Wednesday, December 19, 2012 First Day of Count Week

Seward, Alaska Sporadic Bird Report

Sunrise 10:00 am (actually more like 10:30 am once it climbs laboriously over the mountains), sunset 3:50 pm, (more like 2:00 pm in the Seward town site after it zips across the southern sky). Length of day 5 hours, 49 minutes (or actually 3 1/2 hours); tomorrow will be zero minutes and 11 seconds shorter as the December 21st 2:12 am Winter Solstice approaches.

Weather: Whoooeeeeee! After two days of cloudy weather, the skies cleared. Nice to see Venus in the morning again, the waxing crescent moon, and the stars and Jupiter at night. The fierce north-northeast wind is just wailing, said to be 24 mph with gusts to 33 mph, and maximum gusts of 45 mph.

Any loose snow is long gone; the mountains are blown bare and brown. Only a crusty, stubborn layer remains, occasionally breaking off into flying chunks. The thermometer hovered around 20ยบ, which was pleasant out of the wind. (Note key word, "out.")

Today the bay was frothing with white-capped waves. The wind ripped the caps right off and swirled them into a rainbow-hued spray. I was amazed to watch a surfer out in the thick of the biggest curls, getting hammered but having fun. Even the seabirds knew better and seemed to be found mostly in sheltered areas.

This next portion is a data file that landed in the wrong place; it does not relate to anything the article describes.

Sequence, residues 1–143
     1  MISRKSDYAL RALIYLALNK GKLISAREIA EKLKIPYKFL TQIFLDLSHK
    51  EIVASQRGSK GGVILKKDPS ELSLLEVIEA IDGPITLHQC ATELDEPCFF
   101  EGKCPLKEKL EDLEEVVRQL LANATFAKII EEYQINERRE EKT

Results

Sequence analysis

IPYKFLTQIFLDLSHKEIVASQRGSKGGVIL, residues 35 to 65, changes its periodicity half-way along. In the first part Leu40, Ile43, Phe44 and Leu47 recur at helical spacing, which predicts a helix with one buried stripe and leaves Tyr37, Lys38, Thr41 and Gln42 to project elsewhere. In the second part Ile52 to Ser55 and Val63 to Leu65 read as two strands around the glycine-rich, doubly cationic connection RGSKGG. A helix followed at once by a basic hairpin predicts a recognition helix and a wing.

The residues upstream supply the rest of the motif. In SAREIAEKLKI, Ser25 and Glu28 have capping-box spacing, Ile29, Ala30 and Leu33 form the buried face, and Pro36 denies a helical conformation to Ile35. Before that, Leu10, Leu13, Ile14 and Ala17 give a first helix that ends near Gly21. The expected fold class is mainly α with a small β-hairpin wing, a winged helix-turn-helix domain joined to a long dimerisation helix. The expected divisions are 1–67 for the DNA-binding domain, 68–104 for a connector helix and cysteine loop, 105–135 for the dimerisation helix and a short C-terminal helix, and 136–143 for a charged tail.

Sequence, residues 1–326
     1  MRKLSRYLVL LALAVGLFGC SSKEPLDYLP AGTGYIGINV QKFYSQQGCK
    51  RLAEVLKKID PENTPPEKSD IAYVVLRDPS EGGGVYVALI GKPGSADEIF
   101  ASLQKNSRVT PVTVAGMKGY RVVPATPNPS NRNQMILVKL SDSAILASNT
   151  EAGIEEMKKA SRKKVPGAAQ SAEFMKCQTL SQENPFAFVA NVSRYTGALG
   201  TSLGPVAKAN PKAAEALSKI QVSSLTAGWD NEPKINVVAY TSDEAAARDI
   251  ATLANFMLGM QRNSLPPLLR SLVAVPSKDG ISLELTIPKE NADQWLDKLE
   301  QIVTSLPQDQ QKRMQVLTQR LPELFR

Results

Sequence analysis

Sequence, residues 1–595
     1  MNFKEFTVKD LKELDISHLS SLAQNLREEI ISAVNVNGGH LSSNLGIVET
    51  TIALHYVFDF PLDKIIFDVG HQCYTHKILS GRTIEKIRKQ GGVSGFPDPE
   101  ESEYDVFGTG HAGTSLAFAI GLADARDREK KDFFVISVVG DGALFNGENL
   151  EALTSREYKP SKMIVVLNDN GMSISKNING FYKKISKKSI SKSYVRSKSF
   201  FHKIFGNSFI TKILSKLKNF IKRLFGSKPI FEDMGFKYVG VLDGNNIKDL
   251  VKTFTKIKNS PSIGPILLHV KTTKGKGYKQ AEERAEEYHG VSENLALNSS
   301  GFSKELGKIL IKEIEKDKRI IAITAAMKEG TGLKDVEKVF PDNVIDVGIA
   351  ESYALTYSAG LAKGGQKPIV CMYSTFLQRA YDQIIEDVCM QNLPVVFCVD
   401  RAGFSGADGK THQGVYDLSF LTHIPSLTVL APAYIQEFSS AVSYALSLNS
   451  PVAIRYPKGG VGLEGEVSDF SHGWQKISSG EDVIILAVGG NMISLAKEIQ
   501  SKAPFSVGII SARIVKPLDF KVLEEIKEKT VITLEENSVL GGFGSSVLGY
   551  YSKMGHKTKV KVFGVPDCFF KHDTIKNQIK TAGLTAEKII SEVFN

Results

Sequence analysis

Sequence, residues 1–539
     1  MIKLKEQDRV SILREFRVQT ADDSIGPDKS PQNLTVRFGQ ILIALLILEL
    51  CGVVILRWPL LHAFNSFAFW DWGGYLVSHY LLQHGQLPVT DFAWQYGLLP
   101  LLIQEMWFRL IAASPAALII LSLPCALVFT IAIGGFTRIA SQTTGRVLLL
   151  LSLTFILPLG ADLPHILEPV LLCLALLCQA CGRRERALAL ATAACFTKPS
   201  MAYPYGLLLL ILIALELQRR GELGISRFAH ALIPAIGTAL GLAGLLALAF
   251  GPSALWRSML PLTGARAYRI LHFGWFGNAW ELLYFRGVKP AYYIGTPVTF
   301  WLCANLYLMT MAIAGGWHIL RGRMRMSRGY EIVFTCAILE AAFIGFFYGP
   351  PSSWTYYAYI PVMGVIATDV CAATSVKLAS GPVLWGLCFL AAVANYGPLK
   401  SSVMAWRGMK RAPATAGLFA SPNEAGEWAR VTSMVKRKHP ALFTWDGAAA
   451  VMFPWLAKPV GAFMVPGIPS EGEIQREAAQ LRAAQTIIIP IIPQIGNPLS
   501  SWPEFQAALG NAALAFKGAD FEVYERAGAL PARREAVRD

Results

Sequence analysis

My first species for the First Day of Count Week was the RAVEN, playing in the wind, of course. Cousins soon showed up: STELLER'S JAYS and BLACK-BILLED MAGPIES.  PINE GROSBEAKS clung precariously to the tops of the swaying spruce trees, calling musically. Around 10 am, Duane called in about a flock of about 50 PINE SISKINS or REDPOLLS flying up the street into the teeth of the north wind.

Of note at the Scheffler Creek outlet by the Harbor Uplands were 5 GADWALL, dabbling near a small flock of preening BARROW'S GOLDENEYES.  I hope they stick around for Count Day on Saturday. COMMON MERGANSERS took refuge in the lee of the Harbor Uplands breakwater. A GLAUCOUS-WINGED X HERRING GULL hybrid with some black primaries coasted overhead; an adult BALD EAGLE stirred everyone up. I did not find the tight flock of 70+ Surf Scoters, but visibility was tricky in the waves. A few NW CROWS blew down the beach.

Over at the SMIC boat basin, Fourth of July Beach and Spring Creek Beach I found a pair of HORNED GREBES, more BARROW'S GOLDENEYES, HARLEQUIN DUCKS, GLAUCOUS-WINGED GULLS, a PELAGIC CORMORANT, and the lone human surfer. Kit found COMMON LOONS, but I did not.

On Dec 17, Kit spotted a SPRUCE GROUSE at Tonsina Trail. Yesterday, I counted 52 BOHEMIAN WAXWINGS feasting on small frozen apples in the 400 block of Third Avenue.

If you haven't yet seen the amazing examples of owl camouflage, check out this website <> I like this website since it gives credit to the image source.

Happy Birding!
Carol Griswold
Seward Sporadic Bird Report Reporter

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